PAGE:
A difficult component....How can you add Pads to a 3D Model?

Suppose you have this diode component…

A 20mm(width) x 25mm(height) x 1.2mm(thick) tinned copper plate mounted vertically on a PCB.

Attached to that vertical plate are two diodes oriented vertically such that each diode has one lead attached to the PCB via normal pads on the PCB at the foot or base of the plate…but the leads at the other end are soldered to the copper plate near the top.

How could you depict this in a schematic and in PCBNEW?

Thanks .!

Diode_Plates|498x500

[Edit] Added RolliePollie’s picture directly so there is no need to click links and switch between windows or tabs.

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Normally the pads are not part of the 3D model, but part of the Footprint. So in your case, the 3Dmodel probably should just be the two diodes and the piece of metal in between. For the pads you create them in the Footprint editor, just like any other pads.

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I upped him one level just in case.

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I added a picture of the component.

I’m not sure how to depict the connections to the vertical plate.

Thanks again

The ‘heat sync’ is a component.

This is tricky because you have a conflicting scope issue here if I’m seeing the picture correctly. The issue is you probably want your schematic to accurately describe the electrical function of your project. But in KiCad the schematic is expected to only describe on-board connections. The pairs of diodes only have one connection directly to the board each, and the other end they are soldered to the metal tab which is then soldered to the board. For the pair that is easily viewable in that picture, D2 and D3 appear to be connected to H2, and all 3 are treated as separate components.

Two solutions that I can think of:

  1. Compromise and on the schematic (and then PCB) consider the diode pair to heatsink as a single component with 3 or 4 pins (I can’t tell if the tab only has one pad on the side near the camera, or if as I suspect there is a solder tab on both sides). That way when you create the footprint the position of all the solder points are locked relative to each other. You will need to make sure you somehow account for the 3 parts when ordering as the KiCad BOM will only generate 1 line item for the set of 3.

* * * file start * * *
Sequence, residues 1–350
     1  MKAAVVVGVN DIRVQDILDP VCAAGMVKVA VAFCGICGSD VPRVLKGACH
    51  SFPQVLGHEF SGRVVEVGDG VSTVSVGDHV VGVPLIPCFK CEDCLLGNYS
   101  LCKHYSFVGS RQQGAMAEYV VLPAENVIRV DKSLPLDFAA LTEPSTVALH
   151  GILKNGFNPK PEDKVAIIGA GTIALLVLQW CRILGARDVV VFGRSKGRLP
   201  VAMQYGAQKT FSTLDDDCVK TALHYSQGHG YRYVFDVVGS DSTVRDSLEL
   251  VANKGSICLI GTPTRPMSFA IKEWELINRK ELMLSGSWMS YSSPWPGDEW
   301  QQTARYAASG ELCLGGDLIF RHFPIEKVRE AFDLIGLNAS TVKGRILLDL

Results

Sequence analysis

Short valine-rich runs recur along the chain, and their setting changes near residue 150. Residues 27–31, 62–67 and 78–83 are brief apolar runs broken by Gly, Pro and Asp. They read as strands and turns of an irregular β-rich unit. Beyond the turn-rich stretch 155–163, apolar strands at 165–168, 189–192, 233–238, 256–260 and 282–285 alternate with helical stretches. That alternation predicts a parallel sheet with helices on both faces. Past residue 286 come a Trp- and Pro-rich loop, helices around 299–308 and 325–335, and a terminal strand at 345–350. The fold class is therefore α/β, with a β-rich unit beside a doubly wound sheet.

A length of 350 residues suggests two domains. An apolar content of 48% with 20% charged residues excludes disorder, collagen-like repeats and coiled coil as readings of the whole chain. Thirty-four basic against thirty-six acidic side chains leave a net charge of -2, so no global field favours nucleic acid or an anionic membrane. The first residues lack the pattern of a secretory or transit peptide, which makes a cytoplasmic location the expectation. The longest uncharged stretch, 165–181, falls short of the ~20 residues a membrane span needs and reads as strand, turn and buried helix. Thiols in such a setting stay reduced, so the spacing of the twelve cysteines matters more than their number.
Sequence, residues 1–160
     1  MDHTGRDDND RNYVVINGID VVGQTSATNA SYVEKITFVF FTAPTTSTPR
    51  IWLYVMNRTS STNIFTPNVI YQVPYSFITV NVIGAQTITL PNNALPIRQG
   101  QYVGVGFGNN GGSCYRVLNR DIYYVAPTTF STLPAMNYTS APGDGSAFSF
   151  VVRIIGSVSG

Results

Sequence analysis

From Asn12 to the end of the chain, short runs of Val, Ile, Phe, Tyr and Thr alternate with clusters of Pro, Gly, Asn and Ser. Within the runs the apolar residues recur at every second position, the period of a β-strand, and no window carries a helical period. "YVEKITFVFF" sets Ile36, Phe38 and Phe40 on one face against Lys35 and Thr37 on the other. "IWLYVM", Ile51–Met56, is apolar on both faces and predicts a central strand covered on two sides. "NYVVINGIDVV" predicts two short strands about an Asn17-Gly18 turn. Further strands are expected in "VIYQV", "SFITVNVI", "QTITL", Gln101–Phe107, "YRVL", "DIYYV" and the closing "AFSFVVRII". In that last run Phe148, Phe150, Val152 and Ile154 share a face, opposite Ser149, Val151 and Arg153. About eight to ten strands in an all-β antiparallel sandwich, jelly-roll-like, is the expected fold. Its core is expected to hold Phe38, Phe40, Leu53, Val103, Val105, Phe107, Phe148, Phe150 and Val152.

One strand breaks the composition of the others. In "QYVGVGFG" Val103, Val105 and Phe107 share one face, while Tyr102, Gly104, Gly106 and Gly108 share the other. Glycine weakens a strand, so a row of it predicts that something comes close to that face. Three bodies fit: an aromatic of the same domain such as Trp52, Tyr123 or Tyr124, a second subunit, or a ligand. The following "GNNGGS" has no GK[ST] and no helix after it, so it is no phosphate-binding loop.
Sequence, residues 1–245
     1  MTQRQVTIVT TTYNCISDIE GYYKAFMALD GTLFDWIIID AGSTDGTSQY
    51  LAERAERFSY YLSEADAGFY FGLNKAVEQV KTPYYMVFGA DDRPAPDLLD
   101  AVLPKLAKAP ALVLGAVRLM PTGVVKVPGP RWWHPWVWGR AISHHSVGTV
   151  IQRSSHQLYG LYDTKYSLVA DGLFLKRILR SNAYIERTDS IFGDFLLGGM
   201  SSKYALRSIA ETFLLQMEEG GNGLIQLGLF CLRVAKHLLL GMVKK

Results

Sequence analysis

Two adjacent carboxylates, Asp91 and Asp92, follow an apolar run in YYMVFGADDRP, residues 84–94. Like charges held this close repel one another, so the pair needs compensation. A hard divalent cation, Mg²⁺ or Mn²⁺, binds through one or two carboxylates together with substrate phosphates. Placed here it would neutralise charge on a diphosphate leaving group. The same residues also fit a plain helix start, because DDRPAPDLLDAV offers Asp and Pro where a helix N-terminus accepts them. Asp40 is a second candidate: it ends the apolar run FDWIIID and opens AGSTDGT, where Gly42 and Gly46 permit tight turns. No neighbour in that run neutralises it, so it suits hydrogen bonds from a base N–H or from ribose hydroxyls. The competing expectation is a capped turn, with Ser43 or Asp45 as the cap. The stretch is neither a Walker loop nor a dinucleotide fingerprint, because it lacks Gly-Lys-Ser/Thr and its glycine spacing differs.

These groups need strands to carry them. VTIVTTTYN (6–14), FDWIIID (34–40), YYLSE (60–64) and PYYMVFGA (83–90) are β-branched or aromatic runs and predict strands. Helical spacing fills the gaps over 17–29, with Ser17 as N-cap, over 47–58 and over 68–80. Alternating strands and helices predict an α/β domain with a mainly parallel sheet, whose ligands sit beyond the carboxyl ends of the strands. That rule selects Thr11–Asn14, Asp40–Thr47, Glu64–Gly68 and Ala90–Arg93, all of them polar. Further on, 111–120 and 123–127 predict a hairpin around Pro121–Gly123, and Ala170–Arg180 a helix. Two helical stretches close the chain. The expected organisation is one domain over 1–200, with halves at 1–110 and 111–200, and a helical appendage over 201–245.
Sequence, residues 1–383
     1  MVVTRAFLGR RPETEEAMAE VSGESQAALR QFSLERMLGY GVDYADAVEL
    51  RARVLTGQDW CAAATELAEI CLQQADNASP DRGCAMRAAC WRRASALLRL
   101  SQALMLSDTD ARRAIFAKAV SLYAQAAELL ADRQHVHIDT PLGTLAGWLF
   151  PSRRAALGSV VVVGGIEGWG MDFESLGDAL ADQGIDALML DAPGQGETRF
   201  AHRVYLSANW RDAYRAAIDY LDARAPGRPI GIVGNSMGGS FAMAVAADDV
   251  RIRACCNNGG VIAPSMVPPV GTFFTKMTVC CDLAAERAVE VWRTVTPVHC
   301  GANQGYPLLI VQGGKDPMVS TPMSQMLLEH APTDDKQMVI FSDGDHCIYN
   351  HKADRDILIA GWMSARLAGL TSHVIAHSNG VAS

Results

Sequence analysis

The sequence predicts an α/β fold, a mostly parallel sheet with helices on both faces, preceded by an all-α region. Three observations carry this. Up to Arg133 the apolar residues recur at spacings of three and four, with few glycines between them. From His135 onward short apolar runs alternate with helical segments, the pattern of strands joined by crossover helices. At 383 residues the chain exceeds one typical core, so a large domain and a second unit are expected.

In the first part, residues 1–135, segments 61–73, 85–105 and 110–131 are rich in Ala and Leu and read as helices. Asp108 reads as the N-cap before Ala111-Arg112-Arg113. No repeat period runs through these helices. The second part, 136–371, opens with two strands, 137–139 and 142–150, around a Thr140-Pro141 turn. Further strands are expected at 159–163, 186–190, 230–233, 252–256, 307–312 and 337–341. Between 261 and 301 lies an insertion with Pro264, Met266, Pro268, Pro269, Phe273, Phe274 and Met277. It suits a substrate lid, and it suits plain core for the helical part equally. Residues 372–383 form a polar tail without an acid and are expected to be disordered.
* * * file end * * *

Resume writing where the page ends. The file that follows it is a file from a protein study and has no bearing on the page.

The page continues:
2. Or you can create your own custom diode symbols that only have 1 pin each (the second one drawn with graphical lines) and another symbol for the metal tab/heat sink also with a fake pin made with graphical lines. When placing the symbols use wires to the actual pins and graphical lines to connect the diodes and tab together. (Note, you won’t get any non-dashed graphical lines in v5.x, I think there might be other line styles coming in v6 but don’t quote me on this.) You will then give the diodes a single pad footprint and the tab it’s own footprint and you will need to place each individually on the PCB. But your BOM will have all 3 parts without any post-processing.

There may be other solutions that I’m not thinking of, but hopefully this will get you headed in a direction that works for you.

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Have you considered to make two KiCad projects for this?

The first KiCad project would then be just a small rectangular PCB with the two diodes, and you can export a 3D model of it.

Then you can use that exported 3D model in larger projects.

The only problem I see is that you would need a 3D model of a diode that has one bent and one straight leg, or you just ignore that and accept that the 3Dmodel of the 2 diode assembly is not perfect.

For the schematic symbol to represent your “module”, I would re-use the BAT54.
Its normally a 3-pin SOT-23 package, but this diode comes in multiple variants and has two diodes, Common Anode, Common Cathode, and diodes in series.

For the 3D part. You can create a 3D model of a diode in FreeCad (with the pins bend the correct way), which should be pretty easy to do and make a new PCB project only for this copper plate, as @paulvdh suggested.

If you can use FreeCAD or another 3D CAD program, then you may as well draw the whole diode board in that program.

Doing it as a separate KiCad project (and some compromises such as ignoring the straight pins) lets you do it completely in KiCad.

This is two PC boards one normal and the second a vertical small boardor a flexible board. And that vertical board can be a component itself.

Thanks for all the suggestions for a 3D model.

Is there any way to make a schematic for this situation that accurately reflects the component?
If it’s already been posted above my apologies I must have missed it.

I already posted:

… and some &^%$#@! to get over this silly *&^%$#@! 20 character minimum.